The example of Rahu (Node), a real thing, is quoted to prove that a real thing may be seen at certain times and may not be seen at certain other times. In that case we learn about the reality of Rahu from Scriptures before we actually see it. Secondly, according to those who hold that Rahu is but the shadow of the Earth, it cannot be a real thing, as the unreality of the shadow has already been established.
THE EXPERIENCER OF TRANSMIGRATORY EXISTENCE
Transmigratory existence cannot be predicated of the Pure Self by virtue of Its being actionless; nor can it be predicated of the ego which is, devoid of a real existence, not a conscious entity. The only plausible explanation is that transmigratory existence is due to lack of proper discrimination between the Pure Self and the non-Self. Nevertheless, transmigratory existence has always an apparent existence solely due to the real existence of the Self, and further, appears to belong to the Self owing to indiscrimination. That is like the apparent existence had by the rope-snake on the basis of the reality of the rope, of course, prior to the discrimination between the rope and the snake.
It is only the people who cannot discriminate between the real and the unreal, between the Pure Self, Its reflection and the Intellect, who hold that the eternal Self is changeful on account of the modifications in the mind pertaining to It and is the experiencer of the transmigratory existence. They have no real understanding of the scriptures. They hold or mistake the ego to be the Self.
WORDS IMPLYING THE SELF
The Vedas do imply the Self by the use of words like Knowledge, Existence, etc. There the implication becomes reasonable because the Self is of the nature of Pure Consciousness and Intellect has got the reflection of the Self in it. These words are directly applied to the Intellect carrying the reflection of the Pure Self in it and indirectly to the Pure Self.
It can be said that in words like ‘Karoti’ (He does), ‘Gacchati’ (He goes) etc., the Prakriti Artha of the Dhatu (meaning of the verb, it denotes an action) and the Pratyaya Artha (meaning of the verbal suffix, it denotes agency) belong to one and the same subject according to grammarians and laymen, whereas in words like ‘Jaanaati’ (He knows), the verb meaning and the meaning of the suffix denote two different subjects. The latter, exceptional case as it is, needs explanation.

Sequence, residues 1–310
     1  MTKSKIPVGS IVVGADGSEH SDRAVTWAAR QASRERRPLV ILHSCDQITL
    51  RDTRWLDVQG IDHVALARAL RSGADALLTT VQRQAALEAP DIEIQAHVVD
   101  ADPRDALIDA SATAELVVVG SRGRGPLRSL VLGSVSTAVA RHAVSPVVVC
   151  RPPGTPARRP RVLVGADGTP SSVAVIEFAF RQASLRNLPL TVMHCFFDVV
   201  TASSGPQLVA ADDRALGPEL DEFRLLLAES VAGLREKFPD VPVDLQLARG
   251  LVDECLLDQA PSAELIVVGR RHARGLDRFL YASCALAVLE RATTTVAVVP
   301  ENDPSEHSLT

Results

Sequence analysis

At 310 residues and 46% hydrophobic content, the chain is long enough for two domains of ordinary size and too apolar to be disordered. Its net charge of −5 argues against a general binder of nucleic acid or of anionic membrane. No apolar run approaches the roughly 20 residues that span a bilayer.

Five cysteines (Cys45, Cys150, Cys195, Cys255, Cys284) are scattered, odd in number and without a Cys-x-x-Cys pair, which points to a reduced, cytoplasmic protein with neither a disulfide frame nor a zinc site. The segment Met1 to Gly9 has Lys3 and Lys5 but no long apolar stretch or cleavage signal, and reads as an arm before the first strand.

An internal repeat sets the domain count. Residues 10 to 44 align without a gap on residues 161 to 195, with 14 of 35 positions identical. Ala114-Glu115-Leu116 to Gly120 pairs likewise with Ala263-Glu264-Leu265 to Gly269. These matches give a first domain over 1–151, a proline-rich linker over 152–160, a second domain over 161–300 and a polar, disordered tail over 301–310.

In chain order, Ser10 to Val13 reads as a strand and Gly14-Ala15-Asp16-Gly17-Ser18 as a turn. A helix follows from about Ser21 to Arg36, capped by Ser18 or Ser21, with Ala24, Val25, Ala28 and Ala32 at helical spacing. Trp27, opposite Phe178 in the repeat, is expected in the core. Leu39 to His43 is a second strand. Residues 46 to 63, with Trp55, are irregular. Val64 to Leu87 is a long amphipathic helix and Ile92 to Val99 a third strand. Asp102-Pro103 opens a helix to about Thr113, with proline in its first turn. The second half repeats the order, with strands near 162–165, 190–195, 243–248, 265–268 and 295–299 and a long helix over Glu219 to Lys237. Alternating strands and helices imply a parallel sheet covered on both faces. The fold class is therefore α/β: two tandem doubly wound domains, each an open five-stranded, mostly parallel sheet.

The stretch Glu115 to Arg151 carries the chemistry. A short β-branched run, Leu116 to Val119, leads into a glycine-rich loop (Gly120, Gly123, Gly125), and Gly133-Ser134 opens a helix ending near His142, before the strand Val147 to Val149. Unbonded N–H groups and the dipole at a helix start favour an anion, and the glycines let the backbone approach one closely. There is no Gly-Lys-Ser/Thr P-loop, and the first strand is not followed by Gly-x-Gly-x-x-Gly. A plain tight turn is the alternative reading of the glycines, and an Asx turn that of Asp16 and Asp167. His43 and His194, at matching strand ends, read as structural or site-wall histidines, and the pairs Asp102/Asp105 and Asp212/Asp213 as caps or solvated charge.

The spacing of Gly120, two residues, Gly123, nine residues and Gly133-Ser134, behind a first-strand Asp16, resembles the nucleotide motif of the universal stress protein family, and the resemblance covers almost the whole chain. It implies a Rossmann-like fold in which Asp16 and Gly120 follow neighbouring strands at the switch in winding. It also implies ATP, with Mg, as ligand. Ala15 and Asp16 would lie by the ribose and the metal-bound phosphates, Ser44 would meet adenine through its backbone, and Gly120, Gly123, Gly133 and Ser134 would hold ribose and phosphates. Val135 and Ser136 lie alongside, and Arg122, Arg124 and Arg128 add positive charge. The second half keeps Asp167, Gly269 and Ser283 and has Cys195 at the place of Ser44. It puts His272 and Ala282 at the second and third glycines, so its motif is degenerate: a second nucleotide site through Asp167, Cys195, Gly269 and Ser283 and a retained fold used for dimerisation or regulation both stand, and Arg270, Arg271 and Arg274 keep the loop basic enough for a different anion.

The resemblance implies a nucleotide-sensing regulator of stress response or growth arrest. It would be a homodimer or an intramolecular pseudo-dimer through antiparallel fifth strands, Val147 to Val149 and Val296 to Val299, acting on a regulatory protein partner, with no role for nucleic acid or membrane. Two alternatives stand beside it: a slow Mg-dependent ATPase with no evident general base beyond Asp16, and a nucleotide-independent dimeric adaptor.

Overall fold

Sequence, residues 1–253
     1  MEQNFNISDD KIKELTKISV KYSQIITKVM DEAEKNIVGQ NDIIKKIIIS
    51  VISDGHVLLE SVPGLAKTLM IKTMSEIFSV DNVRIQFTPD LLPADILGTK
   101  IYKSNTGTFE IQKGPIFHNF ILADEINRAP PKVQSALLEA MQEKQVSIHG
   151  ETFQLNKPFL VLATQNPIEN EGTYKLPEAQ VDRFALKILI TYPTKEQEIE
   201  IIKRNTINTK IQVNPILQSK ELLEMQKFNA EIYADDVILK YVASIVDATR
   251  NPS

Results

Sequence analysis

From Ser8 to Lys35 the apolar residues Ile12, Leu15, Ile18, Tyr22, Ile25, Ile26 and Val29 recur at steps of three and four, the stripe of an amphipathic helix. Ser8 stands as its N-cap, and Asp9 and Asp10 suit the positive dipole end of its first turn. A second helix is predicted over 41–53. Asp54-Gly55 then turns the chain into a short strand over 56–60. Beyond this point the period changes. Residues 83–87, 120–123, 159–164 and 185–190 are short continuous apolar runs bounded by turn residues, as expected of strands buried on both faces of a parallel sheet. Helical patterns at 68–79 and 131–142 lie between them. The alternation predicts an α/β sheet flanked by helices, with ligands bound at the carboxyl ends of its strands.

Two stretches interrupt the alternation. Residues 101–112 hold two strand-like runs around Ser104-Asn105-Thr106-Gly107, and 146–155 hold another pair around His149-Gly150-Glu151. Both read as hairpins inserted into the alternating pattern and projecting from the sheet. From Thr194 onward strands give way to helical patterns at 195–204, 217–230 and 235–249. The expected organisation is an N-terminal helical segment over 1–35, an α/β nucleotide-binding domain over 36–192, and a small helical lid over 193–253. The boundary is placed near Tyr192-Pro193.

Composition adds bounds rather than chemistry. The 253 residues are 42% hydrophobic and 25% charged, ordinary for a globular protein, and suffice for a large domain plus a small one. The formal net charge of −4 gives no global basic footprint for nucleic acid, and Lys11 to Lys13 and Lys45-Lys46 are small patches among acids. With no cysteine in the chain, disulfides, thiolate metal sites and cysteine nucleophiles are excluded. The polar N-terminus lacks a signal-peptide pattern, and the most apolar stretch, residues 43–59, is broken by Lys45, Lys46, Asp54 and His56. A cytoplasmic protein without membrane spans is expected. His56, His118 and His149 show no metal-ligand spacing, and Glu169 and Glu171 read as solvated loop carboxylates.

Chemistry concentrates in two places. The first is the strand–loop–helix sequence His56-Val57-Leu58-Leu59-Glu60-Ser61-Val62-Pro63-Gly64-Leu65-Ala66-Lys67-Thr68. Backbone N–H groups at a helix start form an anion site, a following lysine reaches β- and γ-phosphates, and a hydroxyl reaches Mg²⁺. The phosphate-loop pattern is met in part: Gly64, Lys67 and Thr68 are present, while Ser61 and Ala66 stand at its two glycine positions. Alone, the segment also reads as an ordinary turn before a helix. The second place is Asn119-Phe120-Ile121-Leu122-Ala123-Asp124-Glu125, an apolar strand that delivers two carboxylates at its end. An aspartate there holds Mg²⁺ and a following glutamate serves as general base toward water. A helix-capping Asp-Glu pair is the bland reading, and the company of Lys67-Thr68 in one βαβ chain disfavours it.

In words like ‘Jaanaati,’ the meaning of the verbal suffix that involves an agent has reference to the reflection of the Self in the intellect and the meaning of the verb that involves an action has reference to a particular modification of the intellect. Due to indiscrimination between the reflection of the Self and the intellect, the word ‘Knows’ is wrongly applied to the Self. In reality, the intellect by itself, is devoid of consciousness and the Self is devoid of action; the word ‘Knows’ cannot be predicated of either of them on any reasonable ground whatsoever.
Knowledge construed to mean the action of knowing cannot be attributed to the eternal Self that is actionless. Knowledge in the sense of an instrument of the action of knowing can be applied only to the intellect and not to the Self. Possession of instrument implies agency and agency cannot be attributed to Self that is actionless. Neither can the word be applied to the Self in the senses of that which is the object of the action of knowing.
The Self is never knowable as an object, and is not denoted by any word directly by those who hold It to be Changeless, Actionless, Eternal and One only.
If the ego were the Self, then a word can be applied to it in its (the word’s) primary meaning, Vachyartha. But, that position can never be had on account of scriptural passages that state that the Self is free from hunger, thirst, etc. That reduces us to the position that the primary meaning of words are not applicable. That means that words having no primary meaning cannot have secondary (Lakshya) ones, too. In that case, the Vedas, too, will lose their authority, inasmuch as they will be using meaningless words; and that position is not desirable. Solving this problem will land us in a dilemma.
To accept the popular usage of words is to accept the doctrine of the Charvakas and take the body to be the Self. To accept the view of the learned is to arrive at the dilemma that a word cannot be applied to the intellect which is devoid of consciousness, and likewise, to the Self which is devoid of action. Neither can it be said that the authoritative Vedas use meaningless words.
People use words like ‘Knows’ etc. without proper discrimination between the reflecting medium (intellect) and that which is reflected (the Self). Agency is attributed to the Self in using words like ‘Knows’ etc. on account of the superimposition of the agency of the intellect upon the Self. Likewise, the intellect is called the Knower owing to the Superimposition of the Conscious Self upon it (the intellect). In short, there exists Paraspara-Adhyasa. Consciousness belongs to the Pure Self, of which action cannot be predicated. Knowledge is eternal and is identical with the Self; the intellect cannot create it. Persons who hold that knowledge is produced (and thereby predicate agency in the act of knowing etc. of the intellect) are merely deluded by the modifications of a non-conscious intellect that appears to be conscious.